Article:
Does the Minister regard that as in accordance with natural justice? Or, if the board decides against, are we to go back again to the Chief Commissioner and say yet again that there is a lack of natural justice and that there has been a refusal to grant elementary rights which his decision said should exist? The secretary continues I shall, however, be writing to you again about this including particulars of the arrangements to be made for Jimmy to be examined by the consultant. That is a matter of courtesy, as one would expect. It goes on The Board are not aware of any undue delay either on their part or on the part of the Department of Health and Social Security. After all, this has only been going on for 16 months. The boy will be grown up before his case is finished. Revised versions of the Board's medical report forms came into use in August 1972 and the Board keep the forms under review in the light of comment and experience. The secretary then says that a copy of the letter has been sent to the Department of Health and Social Security. In other words we have nothing—no early hearing, no right to submit oral evidence, no right to obtain evidence at public expense.

Finally, in a letter to me dated 22nd January the Minister says that he has seen a copy of the letter sent to me by the Secretary of the Attendance Allowance Board in reply to my letter of 18th December. If there are additional parts of the letter which the Minister would wish me to read out I should be glad to do so. I shall read only those parts which I consider to be relevant. He says: We have, we believe managed to recruit just about enough people to deal with the extension using the sort of system that has been operating over the last 18 months but I feel sure that, if we were obliged to change over to the sort of system of oral hearings used under the Industrial Injuries Scheme, we should simply not be able to find enough suitable people to enable us to proceed with the extension at anything like the rate at which we are aiming—and which we all feel is desirable. In other words, there will not be enough staff. But if the Government find the money—and I have no doubt that hon. Members on both sides would be pleased to vote money for this purpose in much larger quantities—they will find the people to staff a tribunal or board of this sort. There must be many who would be willing to staff it on a voluntary basis. The Minister says: I do want to emphasise that even with valiant efforts the Board have had difficulty in getting through the work with the existing system. I fully accept that. I demand that the system be changed. It is manifestly unjust. He continues: the Chief Commissioner has, of course, decided that the Board's decision did not comply with the requirement to give reasons, contained in Regulation 14(2) of the Attendance Allowance Regulations, with the result that they are required to give a further decision on review. Subject to this, however, it does not appear to me that it follows from the Chief Commissioner's decision that in this case the Board erred in law in any other respect. If the Board were to decide to maintain the original decision and the Martins were then still dissatisfied it would again be open to them to appeal on a question of law to the National Insurance Commissioner. I say "Thank you for nothing." That is not the way matters concerning the future of a family and the welfare, not of one disabled child but of 30,000, should be dealt with when they have to go back and forward like a yo-yo every time. That is the evidence. The question now is: what is the Minister proposing to do about it? What answer will he give, if there is one, to the criticisms made by the Chief Commissioner? Is he proposing to change the procedure? If not, why not?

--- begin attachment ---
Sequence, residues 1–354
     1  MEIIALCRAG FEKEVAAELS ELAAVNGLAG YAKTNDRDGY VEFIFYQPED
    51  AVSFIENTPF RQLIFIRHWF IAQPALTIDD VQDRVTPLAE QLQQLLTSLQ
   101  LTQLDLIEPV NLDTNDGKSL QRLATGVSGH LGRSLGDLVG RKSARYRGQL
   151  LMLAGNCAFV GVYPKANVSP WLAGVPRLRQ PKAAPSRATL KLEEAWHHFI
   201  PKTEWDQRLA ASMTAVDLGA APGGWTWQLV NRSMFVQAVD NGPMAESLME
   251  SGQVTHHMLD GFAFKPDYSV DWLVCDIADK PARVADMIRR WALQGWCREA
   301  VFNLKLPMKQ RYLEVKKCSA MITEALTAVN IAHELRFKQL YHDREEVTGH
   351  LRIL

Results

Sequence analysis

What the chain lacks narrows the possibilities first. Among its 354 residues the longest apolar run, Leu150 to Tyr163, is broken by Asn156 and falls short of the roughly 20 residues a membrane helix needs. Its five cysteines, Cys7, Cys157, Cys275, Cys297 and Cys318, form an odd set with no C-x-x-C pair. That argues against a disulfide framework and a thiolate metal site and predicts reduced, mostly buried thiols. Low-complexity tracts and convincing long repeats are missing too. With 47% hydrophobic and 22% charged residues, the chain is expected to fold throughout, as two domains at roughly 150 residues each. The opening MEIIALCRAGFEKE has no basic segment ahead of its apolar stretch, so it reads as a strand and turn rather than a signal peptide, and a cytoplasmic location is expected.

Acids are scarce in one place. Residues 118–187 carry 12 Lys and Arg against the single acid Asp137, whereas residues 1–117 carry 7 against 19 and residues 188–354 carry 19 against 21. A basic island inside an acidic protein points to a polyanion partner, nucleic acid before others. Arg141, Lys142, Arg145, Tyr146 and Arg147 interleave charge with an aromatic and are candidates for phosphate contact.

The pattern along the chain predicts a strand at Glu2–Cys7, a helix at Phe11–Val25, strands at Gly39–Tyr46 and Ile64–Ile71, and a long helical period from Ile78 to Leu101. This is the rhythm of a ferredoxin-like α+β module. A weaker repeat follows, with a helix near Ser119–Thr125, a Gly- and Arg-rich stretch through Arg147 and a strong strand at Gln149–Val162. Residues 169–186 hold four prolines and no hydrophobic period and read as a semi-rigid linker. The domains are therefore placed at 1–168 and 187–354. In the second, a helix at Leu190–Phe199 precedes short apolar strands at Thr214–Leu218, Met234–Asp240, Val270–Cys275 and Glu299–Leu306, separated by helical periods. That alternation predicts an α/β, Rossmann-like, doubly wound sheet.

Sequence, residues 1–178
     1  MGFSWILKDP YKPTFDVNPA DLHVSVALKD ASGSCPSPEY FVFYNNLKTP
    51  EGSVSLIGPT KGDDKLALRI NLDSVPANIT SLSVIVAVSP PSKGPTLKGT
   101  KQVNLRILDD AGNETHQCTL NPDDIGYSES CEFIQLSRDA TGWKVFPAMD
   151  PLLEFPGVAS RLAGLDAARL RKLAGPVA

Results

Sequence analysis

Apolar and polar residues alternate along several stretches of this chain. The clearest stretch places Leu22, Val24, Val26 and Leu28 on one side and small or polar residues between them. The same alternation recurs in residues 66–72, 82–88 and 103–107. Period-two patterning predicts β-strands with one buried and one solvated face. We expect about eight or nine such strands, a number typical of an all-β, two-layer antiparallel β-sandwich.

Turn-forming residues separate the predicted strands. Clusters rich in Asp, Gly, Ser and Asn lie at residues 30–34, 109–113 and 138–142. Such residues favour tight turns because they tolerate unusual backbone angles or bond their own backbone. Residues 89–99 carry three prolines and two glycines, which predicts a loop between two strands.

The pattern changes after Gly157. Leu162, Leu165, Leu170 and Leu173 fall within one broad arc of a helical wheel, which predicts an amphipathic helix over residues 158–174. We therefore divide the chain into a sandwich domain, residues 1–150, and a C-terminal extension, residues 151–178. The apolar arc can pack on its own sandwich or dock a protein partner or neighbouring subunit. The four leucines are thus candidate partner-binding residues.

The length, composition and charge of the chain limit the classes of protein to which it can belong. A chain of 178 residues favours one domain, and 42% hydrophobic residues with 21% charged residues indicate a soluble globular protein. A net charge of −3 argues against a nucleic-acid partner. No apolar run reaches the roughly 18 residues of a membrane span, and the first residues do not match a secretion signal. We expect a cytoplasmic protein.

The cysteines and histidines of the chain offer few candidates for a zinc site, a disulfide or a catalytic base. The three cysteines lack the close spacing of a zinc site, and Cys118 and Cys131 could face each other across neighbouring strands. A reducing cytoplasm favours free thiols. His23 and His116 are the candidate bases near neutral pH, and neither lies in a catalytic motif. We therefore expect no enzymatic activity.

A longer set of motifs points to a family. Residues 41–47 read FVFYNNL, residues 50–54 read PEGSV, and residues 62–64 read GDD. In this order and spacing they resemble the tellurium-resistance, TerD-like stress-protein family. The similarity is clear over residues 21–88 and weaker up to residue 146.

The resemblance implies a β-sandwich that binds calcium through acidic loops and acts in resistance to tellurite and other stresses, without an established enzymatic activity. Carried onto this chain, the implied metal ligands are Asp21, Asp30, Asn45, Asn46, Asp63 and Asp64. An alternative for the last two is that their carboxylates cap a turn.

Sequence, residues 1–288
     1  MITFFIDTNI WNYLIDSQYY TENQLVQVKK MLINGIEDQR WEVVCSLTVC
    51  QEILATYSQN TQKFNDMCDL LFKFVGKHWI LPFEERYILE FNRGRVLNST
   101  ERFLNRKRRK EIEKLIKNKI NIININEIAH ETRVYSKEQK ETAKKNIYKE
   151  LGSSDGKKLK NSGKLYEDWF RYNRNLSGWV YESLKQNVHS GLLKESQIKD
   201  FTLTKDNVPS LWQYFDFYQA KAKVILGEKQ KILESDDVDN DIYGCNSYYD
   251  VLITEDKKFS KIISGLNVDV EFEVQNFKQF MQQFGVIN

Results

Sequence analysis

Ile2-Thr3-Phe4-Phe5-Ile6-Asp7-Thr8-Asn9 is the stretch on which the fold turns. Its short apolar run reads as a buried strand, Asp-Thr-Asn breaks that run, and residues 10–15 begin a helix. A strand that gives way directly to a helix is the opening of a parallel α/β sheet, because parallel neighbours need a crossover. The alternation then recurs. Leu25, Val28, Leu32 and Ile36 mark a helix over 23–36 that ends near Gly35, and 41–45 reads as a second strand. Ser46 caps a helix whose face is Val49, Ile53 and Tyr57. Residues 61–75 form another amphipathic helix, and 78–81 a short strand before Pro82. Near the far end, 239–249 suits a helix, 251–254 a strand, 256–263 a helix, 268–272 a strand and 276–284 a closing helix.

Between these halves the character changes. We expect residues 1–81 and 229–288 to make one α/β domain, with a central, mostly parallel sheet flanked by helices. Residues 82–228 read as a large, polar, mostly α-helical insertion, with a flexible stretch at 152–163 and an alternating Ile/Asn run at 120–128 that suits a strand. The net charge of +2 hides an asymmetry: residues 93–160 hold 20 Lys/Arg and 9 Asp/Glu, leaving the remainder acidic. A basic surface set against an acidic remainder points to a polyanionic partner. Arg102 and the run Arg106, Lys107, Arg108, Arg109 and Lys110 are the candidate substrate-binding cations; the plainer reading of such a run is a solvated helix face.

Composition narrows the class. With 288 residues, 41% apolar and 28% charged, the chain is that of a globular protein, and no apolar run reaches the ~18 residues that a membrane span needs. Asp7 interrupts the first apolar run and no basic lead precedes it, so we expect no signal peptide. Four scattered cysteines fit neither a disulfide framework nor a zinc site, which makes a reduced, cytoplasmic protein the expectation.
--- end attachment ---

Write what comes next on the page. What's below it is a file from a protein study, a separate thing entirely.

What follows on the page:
Does he not consider that this is symptomatic of a much wider malaise affecting other tribunals and the court decision? Does he not see in the flood of decisions which have come not only from the board but from others a demand for open, non-secret justice? Does he not see that what applies here applies to the Criminal Injuries Compensation Board with its lack of right of appeal? Does he not see that justice should be open and that the people should have the right to appear and to argue their case whether it is before the Attendance Allowance Board or whether it is someone who is involved willy-nilly, by statements made by witnesses or by lawyers in a bankruptcy hearing?